Joseph Preaching to the Indians is a scene from the Mormon Panorama, a series of twenty-three paintings produced by Mormon artist C. C. A. Christensen. Beginning in 1879, Christensen toured the Intermountain West with the panorama, scrolling scene by scene as he lectured about the founding of the Church of Jesus Christ of Latter-day Saints.1 Although Joseph Preaching to the Indians depicted a historical event, it would have held contemporary significance for its late-nineteenth-century audience. For Mormon settlers living around Christensen's central Utah home, the memory of the 1860s Black Hawk War, a sustained conflict between Native Americans and Mormon settlers, was still fresh.2 The painting conveys a deep ambivalence underlying Mormon relations with American Indians. Although LDS doctrine esteemed Native Americans as literal descendants of the peoples of the Book of Mormon, relations between Mormons and Indians in Utah grew increasingly strained as resources became scarce. Christensen’s work reflects this divided perspective, simultaneously advancing an idealized LDS hope for the possibility of converting and integrating Indians into Mormon society, while also reifying systemic nineteenth-century stereotypes that some settlers used to justify exploitative actions.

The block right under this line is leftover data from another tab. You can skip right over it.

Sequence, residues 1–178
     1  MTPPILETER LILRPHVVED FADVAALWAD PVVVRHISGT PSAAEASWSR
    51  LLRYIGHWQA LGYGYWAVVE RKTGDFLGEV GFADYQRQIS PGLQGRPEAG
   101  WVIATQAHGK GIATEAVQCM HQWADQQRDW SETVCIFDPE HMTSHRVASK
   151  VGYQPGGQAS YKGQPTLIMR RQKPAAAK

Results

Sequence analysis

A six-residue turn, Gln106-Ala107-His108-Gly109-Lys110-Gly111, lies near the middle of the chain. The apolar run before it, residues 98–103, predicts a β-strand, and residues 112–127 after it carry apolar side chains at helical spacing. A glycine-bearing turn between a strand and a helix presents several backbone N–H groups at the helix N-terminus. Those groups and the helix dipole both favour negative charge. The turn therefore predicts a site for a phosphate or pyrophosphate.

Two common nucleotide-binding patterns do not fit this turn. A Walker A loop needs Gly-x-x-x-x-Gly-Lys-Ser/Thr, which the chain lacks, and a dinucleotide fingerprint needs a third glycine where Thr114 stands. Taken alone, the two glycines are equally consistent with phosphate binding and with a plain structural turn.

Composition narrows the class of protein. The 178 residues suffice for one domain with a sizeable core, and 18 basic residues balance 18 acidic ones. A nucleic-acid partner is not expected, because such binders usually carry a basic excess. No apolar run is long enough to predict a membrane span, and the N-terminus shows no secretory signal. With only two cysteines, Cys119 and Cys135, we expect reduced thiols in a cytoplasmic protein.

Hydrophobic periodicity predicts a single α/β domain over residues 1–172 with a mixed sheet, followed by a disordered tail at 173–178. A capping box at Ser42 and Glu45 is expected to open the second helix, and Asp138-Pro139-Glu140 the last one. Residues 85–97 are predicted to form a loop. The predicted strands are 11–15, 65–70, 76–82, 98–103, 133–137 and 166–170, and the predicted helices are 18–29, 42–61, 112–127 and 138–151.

The painting depicts Joseph Smith, founder of the LDS Church, addressing a group of Sauk or Fox Indians near the Mormon settlements in Illinois around 1840.3 His message was that American Indians were descended from Israelites who had sailed to the Americas to escape the Babylonian conquest of Jerusalem. Once Indians reclaimed this heritage by joining the LDS Church, he asserted, they would receive blessings promised by the Book of Mormon and take a leading role in building the New Jerusalem in America.4 This message emphasized unity: LDS leaders in early Utah were hopeful that area Indians would become part of the kingdom of Zion. Only by working together could they fulfill their divine mandate.5 Christensen’s composition literalizes this metaphor of interdependence: the Indians are grouped in a nearly-full circle, completed only by Joseph Smith and his Mormon companions. The interlocking arrangement of the two groups neatly expresses the LDS view that their religious destinies were inextricably intertwined.